Bilinear Transform2.132000/09/232007/08/14 09:50:30.480 GMT-5BillWilsonwlw@madriver.netBillWilsonwlw@madriver.netElizabethGregoryelizabeth.gregory@gmail.comJeffreyMSilvermanJSilverman@astro.berkeley.eduGerardWysockigerardw@rice.edubilinear transformIntroduction of bilinear transform.There is a way that we can
make things a good bit easier for ourselves however. The only
drawback is that we have to do some complex analysis first, and
look at a bilinear transform! Let's do one more
substitution, and define another complex vector, which we can
call
rs:
rsΓνθr2βsThe vector
rs is just the rotating part of the crank diagram which
we have been looking at . It has a
magnitude equal to that of the reflection coefficient, and it
rotates around at a rate
2βs as we move down the line. For every
rs there is a corresponding
Zs which is given by:
ZsZ01rs1rs
Now, it turns out to be easier if we talk about a normalized
impedance, which we get by dividing
Zs by
Z0.
ZsZ01rs1rswhich we can solve for
rsrsZsZ01ZsZ01
This relationship is called a bilinear
transform. For every
rs that we can imagine, there is one and only one
ZsZ0 and for every
ZsZ0 there is one and only one
rs. What we would like to be able to do, is find
ZsZ0, given an
rs. The reason for this should be readily
apparent. Whereas, as we move along in s,
ZsZ0 behaves in a most difficult manner (dividing one
phasor by another),
rs simply rotates around on the complex plane. Given one
rs0 it is easy to find another
rs. We just rotate around!
We shall find the required relationship in a
graphical manner. Suppose I have a complex plane, representing
ZsZ0. And then suppose I have some point "A" on that plane
and I want to know what impedance it represents. I just read
along the two axes, and find that, for the example in , "A" represents an impedance of
ZsZ042. What I would like to do would be to get a grid
similar to that on the
ZsZ0plane, but on the
rs plane instead. That way, if I knew one impedence (say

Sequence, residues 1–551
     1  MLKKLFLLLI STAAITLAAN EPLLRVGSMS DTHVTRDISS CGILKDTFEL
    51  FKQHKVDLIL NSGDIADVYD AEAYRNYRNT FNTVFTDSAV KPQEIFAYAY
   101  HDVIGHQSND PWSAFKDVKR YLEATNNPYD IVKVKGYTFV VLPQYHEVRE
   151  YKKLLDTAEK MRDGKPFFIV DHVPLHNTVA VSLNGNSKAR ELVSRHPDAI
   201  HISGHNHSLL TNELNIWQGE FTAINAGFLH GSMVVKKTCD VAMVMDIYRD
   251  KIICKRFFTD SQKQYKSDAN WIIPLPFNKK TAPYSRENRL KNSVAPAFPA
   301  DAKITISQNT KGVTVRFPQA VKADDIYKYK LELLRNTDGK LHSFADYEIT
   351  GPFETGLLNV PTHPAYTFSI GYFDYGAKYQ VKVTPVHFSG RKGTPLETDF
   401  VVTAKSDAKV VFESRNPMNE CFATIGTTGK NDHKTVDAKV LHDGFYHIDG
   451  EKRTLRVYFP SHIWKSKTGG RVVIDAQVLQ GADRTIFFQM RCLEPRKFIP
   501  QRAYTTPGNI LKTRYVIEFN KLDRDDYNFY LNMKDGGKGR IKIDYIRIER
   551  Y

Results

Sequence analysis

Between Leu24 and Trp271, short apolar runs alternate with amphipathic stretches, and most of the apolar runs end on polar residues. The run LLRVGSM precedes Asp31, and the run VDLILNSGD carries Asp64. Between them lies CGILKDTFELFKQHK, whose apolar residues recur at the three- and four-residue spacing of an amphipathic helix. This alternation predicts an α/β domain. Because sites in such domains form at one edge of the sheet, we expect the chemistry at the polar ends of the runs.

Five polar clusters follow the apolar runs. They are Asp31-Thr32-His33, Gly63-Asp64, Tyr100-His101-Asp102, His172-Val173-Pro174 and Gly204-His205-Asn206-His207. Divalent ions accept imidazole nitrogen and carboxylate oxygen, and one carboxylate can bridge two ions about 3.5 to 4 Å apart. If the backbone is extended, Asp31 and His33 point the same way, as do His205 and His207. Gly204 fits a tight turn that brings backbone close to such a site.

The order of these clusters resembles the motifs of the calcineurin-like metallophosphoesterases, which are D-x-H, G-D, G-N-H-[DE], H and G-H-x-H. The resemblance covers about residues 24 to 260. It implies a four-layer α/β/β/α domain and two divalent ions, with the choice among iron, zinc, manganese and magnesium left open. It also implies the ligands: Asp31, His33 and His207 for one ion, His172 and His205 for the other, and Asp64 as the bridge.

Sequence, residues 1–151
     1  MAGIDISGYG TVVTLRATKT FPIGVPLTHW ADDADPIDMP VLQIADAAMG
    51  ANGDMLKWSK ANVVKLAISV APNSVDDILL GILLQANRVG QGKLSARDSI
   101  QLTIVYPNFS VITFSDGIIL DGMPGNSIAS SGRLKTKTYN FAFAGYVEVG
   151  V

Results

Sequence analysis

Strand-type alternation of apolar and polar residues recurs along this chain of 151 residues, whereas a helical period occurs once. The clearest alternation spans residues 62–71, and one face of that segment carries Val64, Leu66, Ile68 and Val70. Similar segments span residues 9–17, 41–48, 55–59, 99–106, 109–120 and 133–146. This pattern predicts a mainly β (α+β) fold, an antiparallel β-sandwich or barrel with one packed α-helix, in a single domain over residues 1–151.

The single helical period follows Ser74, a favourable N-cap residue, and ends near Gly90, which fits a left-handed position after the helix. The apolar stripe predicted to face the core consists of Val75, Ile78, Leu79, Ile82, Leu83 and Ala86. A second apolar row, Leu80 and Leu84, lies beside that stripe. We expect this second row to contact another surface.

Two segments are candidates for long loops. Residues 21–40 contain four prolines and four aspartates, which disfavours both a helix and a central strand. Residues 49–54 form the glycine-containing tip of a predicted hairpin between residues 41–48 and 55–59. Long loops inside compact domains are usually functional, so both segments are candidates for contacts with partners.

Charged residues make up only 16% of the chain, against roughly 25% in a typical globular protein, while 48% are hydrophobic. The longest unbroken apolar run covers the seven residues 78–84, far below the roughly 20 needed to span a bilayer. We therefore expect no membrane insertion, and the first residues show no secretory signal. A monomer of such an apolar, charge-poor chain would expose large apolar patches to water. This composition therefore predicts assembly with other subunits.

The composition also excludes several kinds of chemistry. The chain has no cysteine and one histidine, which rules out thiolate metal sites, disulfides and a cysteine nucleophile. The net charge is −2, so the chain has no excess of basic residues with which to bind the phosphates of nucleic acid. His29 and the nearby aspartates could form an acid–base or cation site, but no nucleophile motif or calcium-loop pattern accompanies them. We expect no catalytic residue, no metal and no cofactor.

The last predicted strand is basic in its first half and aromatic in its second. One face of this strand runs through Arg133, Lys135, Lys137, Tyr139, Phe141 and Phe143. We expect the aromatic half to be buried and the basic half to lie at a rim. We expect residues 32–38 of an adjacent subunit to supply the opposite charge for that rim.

Z0Z0ZLZ0 then I could find any other impedance, at any other
s, by simply rotating
rsaround by
2βs, and then reading off the new
ZsZ0 from the grid I had developed. This is what we shall
attempt to do.
Let's start with and re-write it as:
rsZsZ012ZsZ011-2ZsZ01
In order to use , we are going to have to
interpret it in a way which might seem a little odd to you. The
way we will read the equation is to say: "Take
ZsZ0 and add 1 to it. Invert what you get, and multiply by
-2. Then add 1 to the result." Simple isn't it? The only hard
part we have in doing this is inverting
ZsZ01. This, it turns out, is pretty easy once we learn one
very important fact.
The one fact about algebra
on the complex plane that we need is as follows. Consider a
vertical line, s, on the complex
plane, located a distance d away
from the imaginary axis . There are a lot
of ways we could express the line
s, but we will choose one which
will turn out to be convenient for us. Let's let:
sd1φφφ22
Now we ask ourselves the question: what is the inverse of s?
1s1d11φ
We can substitute for
φ:
1s1d11φφ1dφφφ
And then, since
φφφ1s1dφφ1dφφ
A careful look at should allow you to
convince yourself that is an equation for
a circle on the complex plane, with a diameter
1d. If s is not parallel to
the imaginary axis, but rather has its perpendicular to the
origin at some angle φ, to make a line
s′. Since
s′sφ, taking
1s simply will give us a circle with a diameter of
1d, which has been rotated by an angle
φ from the real axis . And so we come to the one
fact we have to keep in mind: "The inverse of a
straight line on the complex plane is a circle, whose diameter
is the inverse of the distance between the line and the
origin."